About a year ago a couple of good friends --New Orleans barman Danny "The Count" Valdez and Portland (formerly New Orleans) mixologist "Pretty" Ricky Gomez -- came to town to conduct a seminar on New Orleans Cocktails. They asked me to take them to a couple of iconic Denver bars.
On the first night, I took these fine gents to Denver's oldest bar (and my favorite), My Brother's Bar, famous for visits from Jack Kerouac and Neal Cassady as well as its late-night burgers. Slam dunk.
The next day, I took them to the Buckhorn Exchange, home of Colorado liquor license number one. The Buckhorn, open since 1893, has been visited by five presidents and several golden-age Hollywood actors. Stepping into the Buckhorn is like a time warp, what with the mounted guns and animals, the old photos and the original nineteenth-century bar resurrected from a Wild West saloon.
During our lunch at the Buckhorn, over a plate of Rocky Mountain oysters, Danny asked if there was a quintessential Colorado cocktail that he should have while in town. I was stumped. The Professor, Jerry Thomas (the godfather of bartenders, a subject for a future post dedicated solely to him), spent some time mixing cocktails in Colorado during the Silver Rush. So there had to be a recognized Colorado Cocktail, right?
I mean, New Orleans has the Sazerac, New York has the Manhattan, etc. But I've been bartending 25 years and the only cocktails I have come across with our fine state in their name are the Colorado Bulldog (vodka, coffee liqueur, cream and cola) and the Colorado Motherfucker (some have referred to me as such), a disgusting mix of rum, vodka, blue curacao and varied juices that I came across while bartending in Texas.
I was adamant that those two drinks could not be our legacy to the world of mixology. So I did some research, but couldn't find one classic cocktail related to our great state. I now had a mission...to find the Colorado Cocktail -- or create one.
But I couldn't be the only one on this job; I needed to get the bartenders of Colorado involved. Coincidentally, Patty Calhoun, editor of Westword, approached me recently about having a Colorado Cocktail contest. So we put our minds (and livers) together over drinks at The Hornet, and the deal was done.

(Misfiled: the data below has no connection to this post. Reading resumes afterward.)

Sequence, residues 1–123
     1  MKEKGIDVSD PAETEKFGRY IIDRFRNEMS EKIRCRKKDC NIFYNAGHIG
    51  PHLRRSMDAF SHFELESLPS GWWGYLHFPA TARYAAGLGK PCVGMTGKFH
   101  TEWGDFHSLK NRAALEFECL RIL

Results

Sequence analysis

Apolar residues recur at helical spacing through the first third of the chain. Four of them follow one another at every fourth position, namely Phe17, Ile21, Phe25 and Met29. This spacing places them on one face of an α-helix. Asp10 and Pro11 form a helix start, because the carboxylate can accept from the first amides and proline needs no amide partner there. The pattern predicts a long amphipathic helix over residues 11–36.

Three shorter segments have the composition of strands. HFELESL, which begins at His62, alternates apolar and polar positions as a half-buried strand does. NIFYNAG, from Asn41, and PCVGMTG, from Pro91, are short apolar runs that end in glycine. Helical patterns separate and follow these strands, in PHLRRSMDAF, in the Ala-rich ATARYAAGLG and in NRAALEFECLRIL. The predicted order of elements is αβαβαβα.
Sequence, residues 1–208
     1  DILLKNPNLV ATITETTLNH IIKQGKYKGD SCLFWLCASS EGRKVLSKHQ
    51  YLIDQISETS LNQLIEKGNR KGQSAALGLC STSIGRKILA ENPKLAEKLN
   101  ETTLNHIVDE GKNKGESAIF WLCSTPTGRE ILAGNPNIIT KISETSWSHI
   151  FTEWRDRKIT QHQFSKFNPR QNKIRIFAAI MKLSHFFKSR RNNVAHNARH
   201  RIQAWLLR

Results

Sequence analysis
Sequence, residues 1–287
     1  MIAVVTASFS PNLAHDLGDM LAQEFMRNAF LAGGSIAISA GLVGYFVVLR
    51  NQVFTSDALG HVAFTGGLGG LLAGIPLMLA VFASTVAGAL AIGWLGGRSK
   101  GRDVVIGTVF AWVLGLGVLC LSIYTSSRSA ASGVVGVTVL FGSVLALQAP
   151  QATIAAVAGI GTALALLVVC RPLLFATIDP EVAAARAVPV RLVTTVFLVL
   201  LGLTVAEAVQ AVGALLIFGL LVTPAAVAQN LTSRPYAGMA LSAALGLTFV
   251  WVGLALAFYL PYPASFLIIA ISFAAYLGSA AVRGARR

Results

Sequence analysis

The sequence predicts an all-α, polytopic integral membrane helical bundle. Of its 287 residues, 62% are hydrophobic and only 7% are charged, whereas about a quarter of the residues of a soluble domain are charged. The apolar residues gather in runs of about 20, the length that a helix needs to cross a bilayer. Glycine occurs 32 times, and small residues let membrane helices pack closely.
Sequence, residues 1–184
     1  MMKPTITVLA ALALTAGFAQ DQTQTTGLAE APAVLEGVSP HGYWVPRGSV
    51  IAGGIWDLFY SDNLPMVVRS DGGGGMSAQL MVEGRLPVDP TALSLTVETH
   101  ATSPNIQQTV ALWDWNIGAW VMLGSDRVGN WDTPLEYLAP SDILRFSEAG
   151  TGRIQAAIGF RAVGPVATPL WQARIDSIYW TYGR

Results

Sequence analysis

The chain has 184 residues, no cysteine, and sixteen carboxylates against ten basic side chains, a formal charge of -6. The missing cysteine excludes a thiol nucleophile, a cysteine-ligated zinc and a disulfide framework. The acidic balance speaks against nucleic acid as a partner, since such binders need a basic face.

As a result, I am proud to announce the Official Westword Colorado Cocktail Contest, your opportunity to create the cocktail that defines our state's cocktail culture. Here are the rules:
1. The base spirit (at least 1.5 oz.) must be produced in Colorado.
2. The drink has a maximum of 7 ingredients (includes garnish)
3. All ingredients must be readily available. No homemade ingredients.
4. Anyone submitting a nominee must be a bartender working in a Colorado restaurant.
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SHOW ME HOW
Submit your cocktail recipe with preparation instructions and a few sentences on why it should be the official Colorado Cocktail to email@example.com by January 1, 2011. An esteemed panel of lushes -- I mean judges -- will come to your bar or restaurant to sample the selected cocktails during the month of January. You should also plan on making the cocktail available to the drinking (and buying) public during this time.
We will narrow the selections down to a top ten and conduct a live contest for the finals in February, with the public again invited to get involved in the voting. The winning bartender will get valuable prizes -- but drinkers across the state will be the real winners.
We are blessed to live in a city full of talented bartenders and mixologists, and I am extremely excited to imbibe my way through the entries. And the next time Danny and Ricky come to town, we will have a Colorado Cocktail for their drinking pleasure.